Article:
A death sentence on a woman convicted of murdering four neighbours and poisoning dozens more with arsenic-laced curry was upheld by Japan’s highest court today.
The Supreme Court rejected Masumi Hayashi’s appeal and backed an earlier court’s decision to administer the death penalty.
The ruling ends a nearly decade-long legal battle in one of Japan’s highest-profile cases.
A district court convicted Hayashi, 47, in 2002 of deliberately lacing a pot of curry with arsenic and serving it to neighbours at a festival in July 1998 in Wakayama city, about 300 miles from Tokyo.
Four people including two children died and 63 others fell ill after eating the curry.
The incident led to dozens of copycat crimes across Japan for several months. In one case, a man died after drinking canned tea laced with cyanide.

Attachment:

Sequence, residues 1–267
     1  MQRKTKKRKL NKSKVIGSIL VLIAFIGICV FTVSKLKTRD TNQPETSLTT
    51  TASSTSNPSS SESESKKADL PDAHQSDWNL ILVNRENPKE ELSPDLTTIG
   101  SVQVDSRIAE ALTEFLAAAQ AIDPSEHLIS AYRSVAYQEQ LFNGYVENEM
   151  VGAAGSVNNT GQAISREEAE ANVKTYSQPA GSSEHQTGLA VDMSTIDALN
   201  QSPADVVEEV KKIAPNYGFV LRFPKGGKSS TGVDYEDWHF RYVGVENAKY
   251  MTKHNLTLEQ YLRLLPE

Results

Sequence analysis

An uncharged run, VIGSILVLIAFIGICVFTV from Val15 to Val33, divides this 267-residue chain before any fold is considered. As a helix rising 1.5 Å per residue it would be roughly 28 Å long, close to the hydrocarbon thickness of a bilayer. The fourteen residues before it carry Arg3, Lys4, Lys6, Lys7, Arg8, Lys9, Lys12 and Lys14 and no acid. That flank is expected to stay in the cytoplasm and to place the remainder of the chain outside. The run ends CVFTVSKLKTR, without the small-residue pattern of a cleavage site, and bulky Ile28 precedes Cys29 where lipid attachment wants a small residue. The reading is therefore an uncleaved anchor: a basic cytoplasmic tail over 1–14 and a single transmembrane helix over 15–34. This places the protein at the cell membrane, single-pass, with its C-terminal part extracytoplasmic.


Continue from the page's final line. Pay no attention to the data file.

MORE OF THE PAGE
Hayashi was arrested in October 1998 but has since maintained her innocence.
The courts never found a possible motive, although prosecutors have said she was angry with housewives in the neighbourhood. She was also convicted without direct evidence linking her to the poisonings.
But the top court said that the circumstantial evidence proves beyond doubt that Hayashi was guilty.
“The defendant’s criminal responsibility is extremely serious ... the court has no choice but to approve the death sentence by the district court,” it said.
Hayashi’s lawyers have said they plan to appeal for a retrial.
Japan reinstated capital punishment in 1993 after a four-year moratorium and executes prisoners on death row by hanging.